Gay-specific businesses can turn the tables and advertise their straight-friendliness.
What makes content stand out?

Appropriate visuals play a key role. A while back I participated in an individual trip to Island House, a gay male hotel in Key West, Florida. The primary purpose of my visit was so that I could share photos and videos via Instagram and other social media outlets. So it’s a tactic for creating engaging content and fun visuals that people what to share, especially if it’s good-looking people in their bathing suits. People do love that, don’t they!

Another example is the Mexican Tourism Board. They recently sponsored this Mexico LGBT travel guide, which ran in Travel Weekly. This is a great example of how to do that within the LGBT segment.

How might LGBT travel also be great for straight people?

Gay-specific businesses can turn the tables and advertise their straight-friendliness. That’s what the Highlands Resort in California does on their website. And just look at how many straight people you might see on the street in the summer in Provence Town; now that's integration!

So if you have a small business that’s targeted to LGBT trailers, you might also expand your reach beyond that and attract some traditional 'mainstream' or straight travellers too because that can provide even more opportunities. In other words, you might find that straight people are enjoying travel that in the past would have been thought of as gay.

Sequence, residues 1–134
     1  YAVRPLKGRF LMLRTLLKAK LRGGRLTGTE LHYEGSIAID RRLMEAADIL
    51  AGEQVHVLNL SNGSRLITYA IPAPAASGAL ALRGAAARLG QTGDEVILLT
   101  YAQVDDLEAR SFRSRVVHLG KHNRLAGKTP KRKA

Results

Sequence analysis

What type of straight people might seek out gay-friendly travel companies and suppliers?

It’s a broad group of people of those who are fun, open-minded, adventurous, educated, curious, creative, professional, energetic, sophisticated, and well-travelled. That’s a good thing, because it creates more opportunities for those of us in the travel industry.

What are the appeals of LGBT travel?

First, it’s fun and comfortable. Second, gay travel can also offer a high quality and less touristy experience. For example, my sister and her husband recently went on vacation in Scotland and they stayed at a gay-owned and operated bed-and-breakfast in Edinburgh. They loved the insider travel tips they got from the owner and the hotel’s relaxed vibe and more authentic feel than if they were staying at some cold and calculated chain hotel. So there are selling points for the gay travel experience within the straight market.

What about business travel?

LGBT travel can even be a good approach for business travel. I came across an example of this overlap during a recent trip to San Francisco. I stayed at a place called Parker Guest House, which is a mostly LGBT bed and breakfast in the heart of San Francisco in the Castro District. My husband and I met a straight businesswoman who travels a lot for work but whenever she visits San Francisco for a business trip, she prefers to stay at that particular gay guesthouse. She says she feels safer there and that she also gets a more welcoming and personalised experience.

What’s next for gay travel?

It’s so exciting to see what’s happening in Australia right now, and it’ll be interesting to see how the destination wedding and the honeymoon market develops out of same-sex marriage being legalised. It’s already a dream destination, so there’s going to be increasing excitement.

About Eugene Yiga

Eugene graduated from the University of Cape Town with distinctions in financial accounting and classical piano. He then spent over two-and-half years working in branding and communications at two of South Africa's top market research companies. Eugene also spent over three-and-a-half years at an eLearning start-up, all while building his business as an award-winning writer. Visit, follow @eugeneyiga on Twitter, or email moc.agiyenegue@olleh to say, um, hello.